Not all internal/employee theft involves removing Checkpoint tags and stealing merchandise. Frequently an employee steals cash, especially if multiple employees work out of the same cash register. One of the most difficult internal investigations I had was a suspected cash theft case. Our store had been opened for less than a year and I was still a new Loss Prevention Manager for our company. At that time we only concerned ourselves with cash shortages of ten dollars or more, though we did track all shortages. I had a cashier who had been with us for quite some time and I had not had many concerns about her. I was keeping busy with several large merchandise theft cases involving an employee theft ring in our store. That group had been deactivating Checkpoint tags on merchandise and stuffing comforters with the unprotected merchandise. They were ringing up the comforters and other small items and voiding the smaller items from the transactions, bypassing our Checkpoint Security Systems. Due to the nature of that investigation, small cash shortages were not on my radar. After I closed the theft ring case I was looking for other theft activity and noticed a cash shortage trend that was tracking to one particular cashier.
I spent many hours reviewing videotapes and conducting live surveillances of this cashier but could not find any signs of wrong doing. I then started to see even ten and twenty dollar shortages appearing. At that time, our store tried to keep no more than three cashiers on a register a day, though it did not always happen. Despite this, the shortages continued to track to this one woman and I was growing concerned over the dollar amounts we were “losing”. Despite my best efforts nothing was making any sense. I never saw anything unusual, not even a possible attempt to work around the Checkpoint Security System with voids or deactivations.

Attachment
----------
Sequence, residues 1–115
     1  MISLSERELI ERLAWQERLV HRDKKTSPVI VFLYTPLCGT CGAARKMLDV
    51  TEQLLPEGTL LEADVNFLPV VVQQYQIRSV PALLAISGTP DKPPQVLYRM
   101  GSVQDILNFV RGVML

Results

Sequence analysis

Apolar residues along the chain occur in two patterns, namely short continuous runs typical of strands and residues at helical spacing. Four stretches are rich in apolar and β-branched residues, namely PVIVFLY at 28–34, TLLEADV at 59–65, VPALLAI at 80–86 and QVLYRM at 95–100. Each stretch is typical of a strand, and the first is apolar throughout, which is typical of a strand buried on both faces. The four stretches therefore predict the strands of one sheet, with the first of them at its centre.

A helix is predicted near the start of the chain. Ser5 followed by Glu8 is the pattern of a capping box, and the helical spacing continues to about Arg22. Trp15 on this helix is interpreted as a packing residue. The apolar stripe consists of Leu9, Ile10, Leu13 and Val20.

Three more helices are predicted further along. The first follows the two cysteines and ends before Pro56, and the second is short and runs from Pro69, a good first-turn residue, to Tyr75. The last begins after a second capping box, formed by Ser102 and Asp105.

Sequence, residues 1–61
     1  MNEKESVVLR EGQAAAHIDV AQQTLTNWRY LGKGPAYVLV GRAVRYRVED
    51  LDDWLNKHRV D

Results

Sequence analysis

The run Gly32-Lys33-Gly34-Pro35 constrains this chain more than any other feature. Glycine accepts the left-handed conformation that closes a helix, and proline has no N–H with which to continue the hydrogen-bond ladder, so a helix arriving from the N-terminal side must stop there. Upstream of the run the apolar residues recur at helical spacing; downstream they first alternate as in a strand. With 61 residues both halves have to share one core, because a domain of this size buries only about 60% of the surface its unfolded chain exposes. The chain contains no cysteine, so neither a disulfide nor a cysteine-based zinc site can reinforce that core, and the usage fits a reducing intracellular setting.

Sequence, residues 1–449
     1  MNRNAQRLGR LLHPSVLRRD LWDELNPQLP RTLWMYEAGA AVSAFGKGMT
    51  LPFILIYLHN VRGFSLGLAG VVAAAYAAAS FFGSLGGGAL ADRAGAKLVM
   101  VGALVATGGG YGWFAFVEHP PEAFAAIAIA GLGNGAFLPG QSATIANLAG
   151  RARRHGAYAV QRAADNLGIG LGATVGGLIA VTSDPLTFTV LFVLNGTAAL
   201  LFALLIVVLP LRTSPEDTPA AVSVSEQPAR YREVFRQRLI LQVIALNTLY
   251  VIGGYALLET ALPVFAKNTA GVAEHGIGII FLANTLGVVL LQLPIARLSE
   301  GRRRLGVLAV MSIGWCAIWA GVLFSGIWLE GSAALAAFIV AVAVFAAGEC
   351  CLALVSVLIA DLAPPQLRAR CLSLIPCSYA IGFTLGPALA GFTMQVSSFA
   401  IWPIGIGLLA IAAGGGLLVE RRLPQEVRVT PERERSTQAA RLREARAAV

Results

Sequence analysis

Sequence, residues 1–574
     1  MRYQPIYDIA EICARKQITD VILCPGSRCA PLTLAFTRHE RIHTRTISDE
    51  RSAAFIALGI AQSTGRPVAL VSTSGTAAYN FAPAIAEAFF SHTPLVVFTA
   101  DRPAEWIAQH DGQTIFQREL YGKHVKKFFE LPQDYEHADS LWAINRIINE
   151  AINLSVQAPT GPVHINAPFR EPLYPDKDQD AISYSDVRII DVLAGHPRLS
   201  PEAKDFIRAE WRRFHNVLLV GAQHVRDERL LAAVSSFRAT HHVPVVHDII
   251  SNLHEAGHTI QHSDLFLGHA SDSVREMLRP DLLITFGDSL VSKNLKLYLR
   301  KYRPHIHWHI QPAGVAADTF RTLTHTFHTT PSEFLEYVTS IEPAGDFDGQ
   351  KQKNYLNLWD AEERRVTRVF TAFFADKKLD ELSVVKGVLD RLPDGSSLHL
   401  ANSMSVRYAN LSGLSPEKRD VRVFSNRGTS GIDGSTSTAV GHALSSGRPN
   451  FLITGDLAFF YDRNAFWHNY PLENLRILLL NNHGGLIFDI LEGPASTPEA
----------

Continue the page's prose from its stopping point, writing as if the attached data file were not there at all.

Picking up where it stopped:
One day during a live surveillance, I had one camera zoomed in on the cashier’s till and another aimed to see her at her register. The cashier had a transaction in which she took a twenty dollar bill as payment and placed it in the till, but she did not put down the clip that holds bills in place. I noticed when the next transaction took place and the drawer opened, the twenty had moved out of the slot and towards the back of the drawer. I followed the next several cash transactions and observed that with each opening and closing of the drawer, the bill moved further back until finally it had disappeared altogether. I immediately had the cashier supervisor move the cashier from the register. I opened the register and removed the entire drawer. Inside I found the ten along with several other bills stuffed behind the drawer. I then checked every register and tracked the amounts found to the shortages the cashier had appeared to cause. All of the money ended up being accounted for and my “internal case” turned out to be a non-case.
Finally, my shortest and funniest dishonest employee interview involved a new cashier who had started stealing cash shortly after being employed. It did not take me long to identify all of her theft and request permission to conduct the interview. One day I watched the cashier until she took money from her register and placed it in her pocket. Rather than ask for a manager to escort her to the office for the interview, I walked up to the cashier and told her to come with me and to keep her hands out of her pocket. She said “You got me” and I said, “I know” and we went to complete the interview. THAT was the fastest admission I ever had from an employee.
Checkpoint Security Systems along with Checkpoint Tags and labels are excellent for deterring employee theft of merchandise. They may not help with cash or financial transaction fraud but if they are preventing shoplifting and internal cases, you can focus more energy on preventing the cash theft and credit card fraud in your store.
Get more information on Checkpoint Security Systems, contact us or call 1.866.914.2567 today.